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Antibiotics And Children

A very important issue concerning the children of today is the excess prescribing of antibiotics and the dangers that are being created. Everyday, more and more children are being prescribed any easy solution to a very tough problem. There is a constant push from pharmaceutical companies, parents, and massive marketing companies to try the next antibiotic remedy, but as we look towards the future and the diseases that can be created by this quick fix, we should turn to our attention to alternatives remedies.

What is so terrible about this situation is that the worst-case scenario of the effects of the mass doses of antibiotics they ingest is an untreatable bacterium that is immune to the treatments we are aware of. That may not sound so bad until you think about the number of children around the world that could die from this bacterium. It would most definitely be a catastrophic event if a portion of the earth’s population at that early of an age were to be erased. It would be a human-induced bubonic plague of the twenty-first century and it is really not that far from becoming a reality.

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In a study done in 1992, there were over sixty million different oral antibiotic prescriptions were giving to people under the age of fifteen years old (Napoli). The extensiveness of antibiotic options coupled with their widespread use in pediatric patients highlight the importance of pharmacists having a thorough familiarity with pediatric antibiotic therapy. Also, problems may arise in treating children under the age of two because of their immature immune system, lack of Food and Drug Administration (FDA) approval for pediatric use of many antibiotics and limited data supporting therapy courses of less than ten days (Napoli). Also, an added complication of the treatment of the patient is the willingness, ability to follow the regimen, and the understanding of the importance of completing the therapy.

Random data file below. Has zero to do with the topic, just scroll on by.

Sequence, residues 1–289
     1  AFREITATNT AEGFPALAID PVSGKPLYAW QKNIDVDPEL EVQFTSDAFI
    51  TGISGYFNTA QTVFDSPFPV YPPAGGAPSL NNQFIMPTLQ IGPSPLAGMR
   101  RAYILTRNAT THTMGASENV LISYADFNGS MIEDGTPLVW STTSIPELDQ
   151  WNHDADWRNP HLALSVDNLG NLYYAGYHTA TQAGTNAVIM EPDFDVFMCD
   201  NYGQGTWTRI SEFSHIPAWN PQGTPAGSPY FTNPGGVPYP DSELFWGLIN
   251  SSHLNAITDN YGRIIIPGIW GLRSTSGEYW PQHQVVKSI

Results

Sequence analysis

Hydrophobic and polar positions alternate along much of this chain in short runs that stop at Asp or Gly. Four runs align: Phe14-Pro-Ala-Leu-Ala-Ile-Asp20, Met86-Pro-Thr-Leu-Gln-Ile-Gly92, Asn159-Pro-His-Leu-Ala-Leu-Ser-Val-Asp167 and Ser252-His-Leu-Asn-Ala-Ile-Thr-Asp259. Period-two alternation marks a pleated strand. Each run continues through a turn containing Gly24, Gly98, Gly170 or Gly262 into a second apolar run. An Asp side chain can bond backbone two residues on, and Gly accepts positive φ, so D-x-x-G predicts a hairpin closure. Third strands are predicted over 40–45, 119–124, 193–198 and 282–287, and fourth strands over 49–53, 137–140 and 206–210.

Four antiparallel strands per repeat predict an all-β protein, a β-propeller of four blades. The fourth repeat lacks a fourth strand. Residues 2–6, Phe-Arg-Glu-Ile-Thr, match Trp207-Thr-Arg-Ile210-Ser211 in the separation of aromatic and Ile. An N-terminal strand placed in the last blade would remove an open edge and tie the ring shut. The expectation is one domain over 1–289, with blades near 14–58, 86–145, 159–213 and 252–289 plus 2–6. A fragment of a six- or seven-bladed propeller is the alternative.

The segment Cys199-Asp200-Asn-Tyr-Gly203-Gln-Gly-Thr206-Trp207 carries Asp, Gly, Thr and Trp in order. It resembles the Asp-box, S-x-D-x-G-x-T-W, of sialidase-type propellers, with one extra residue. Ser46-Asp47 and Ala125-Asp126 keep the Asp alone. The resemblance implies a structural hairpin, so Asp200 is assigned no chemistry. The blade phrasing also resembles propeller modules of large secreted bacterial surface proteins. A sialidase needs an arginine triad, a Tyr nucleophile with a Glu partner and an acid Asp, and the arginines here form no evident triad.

Before filling the prescription for the appropriate medication, physicians need to be aware of common pediatric infections and their recommended antibiotic therapy. It is important to remember that most upper respiratory infections are viral and that antibiotics would be futile in the attempt to treat such an infection (Berger). This will only strengthen the resistance of bacterial pathogens, limiting the efficacy of the available antibiotic treatments. Common pediatric infections include otitis media (OM), skin and skin-structure infections, pharyngitis, bronchitis and urinary tract infections (UTIs) (Napoli).